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Ask Dr. Michael Salkin Your Own Question
Dr. Michael Salkin
Dr. Michael Salkin, Veterinarian
Category: Veterinary
Satisfied Customers: 25541
Experience:  University of California at Davis graduate veterinarian with 44 years of experience
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I have 4 peacocks on my farm and 2 female peacocks stopped

Customer Question

Hi, I have 4 peacocks on my farm and 2 female peacocks stopped eating about 3-4 days ago. They look sleepy and their droppings are green - yellow liquid
JA: I'm sorry to hear that. Could be a lot of things that cause lethargy. The Veterinarian will know how to help the peacock. What is the peacock's name?
Customer: One is called Lui and the other female doesn't have a name.
JA: Got it. I'm sure you'll come up with a good name.
Customer: How about Ala?
JA: Is there anything else important you think the Veterinarian should know about One?
Customer: I have been trying to help them with Amporium for coccidian and noticed no improvement and not getting worse. They walk wobbly - could be lack of food.
Submitted: 1 month ago.
Category: Veterinary
Expert:  Dr. Michael Salkin replied 1 month ago.

You're speaking with Dr. Michael Salkin. Welcome to JustAnswer. I'm currently typing up my reply. Please be patient. This may take a few minutes.

Expert:  Dr. Michael Salkin replied 1 month ago.

I'm sorry that your question wasn't answered in a timely manner. We don't have many avian vets on this site. Unfortunately, anorexia, somnolence (sleepiness), and diarrhea can indicate any number of illnesses or health issues in peacocks. In avian medicine, there's rarely one cause of such a presentation, so we usually begin with a list of differential diagnoses and use lab tests, X-rays, and physical exams to differentiate one from another. Necropsy of a newly dead or a sacrificed severely ill bird then refrigerated (not frozen) can be an important diagnostic particularly in large flocks. With this in mind, your best course of action is to reach out to your county-extension poultry personnel or avian-oriented veterinarian for help in arranging a necropsy.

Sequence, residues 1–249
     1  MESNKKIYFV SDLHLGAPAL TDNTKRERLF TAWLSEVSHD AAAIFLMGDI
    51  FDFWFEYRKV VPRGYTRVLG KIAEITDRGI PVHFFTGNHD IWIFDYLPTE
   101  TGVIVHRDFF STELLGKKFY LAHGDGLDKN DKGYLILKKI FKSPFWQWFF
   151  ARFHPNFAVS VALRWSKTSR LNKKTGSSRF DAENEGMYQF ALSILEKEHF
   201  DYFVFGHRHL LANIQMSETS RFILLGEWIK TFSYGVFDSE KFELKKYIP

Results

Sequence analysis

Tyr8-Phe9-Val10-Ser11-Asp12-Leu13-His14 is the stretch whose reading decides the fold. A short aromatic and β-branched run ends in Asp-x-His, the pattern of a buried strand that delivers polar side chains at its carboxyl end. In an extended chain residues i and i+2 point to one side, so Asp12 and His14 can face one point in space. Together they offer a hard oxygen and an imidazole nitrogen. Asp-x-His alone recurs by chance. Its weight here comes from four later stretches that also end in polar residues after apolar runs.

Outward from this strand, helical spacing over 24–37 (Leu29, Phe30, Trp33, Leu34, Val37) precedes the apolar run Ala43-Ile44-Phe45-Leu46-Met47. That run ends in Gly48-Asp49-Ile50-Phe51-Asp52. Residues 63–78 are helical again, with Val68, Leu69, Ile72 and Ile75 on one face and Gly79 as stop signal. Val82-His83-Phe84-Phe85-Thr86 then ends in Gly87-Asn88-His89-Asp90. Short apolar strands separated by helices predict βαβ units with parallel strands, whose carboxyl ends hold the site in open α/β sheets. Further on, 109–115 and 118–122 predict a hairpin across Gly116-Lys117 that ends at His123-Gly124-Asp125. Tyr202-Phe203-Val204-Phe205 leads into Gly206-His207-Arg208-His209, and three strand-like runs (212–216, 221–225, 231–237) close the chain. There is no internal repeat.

It's best to approach the diagnostic process with a clear sense of her financial value to your operation. Although some services such as your county animal disease diagnostic laboratory might be available free of charge through a county agency or land-grant extension office, the expense of some diagnostic tests and treatments can add up quickly. While it’s always worth your time and money to identify a bacterial or viral infection that could potentially impact more than one member of the flock, this might not be the case with a condition that only affects two birds on your farm. It frustrates me that I can't be more specific for you but such is the dilemma of poultry owners and vets alike.

Here's an overview of peacock diseases for you: http://unitedpeafowlassociation.org/articles/diseases-of-peafowl/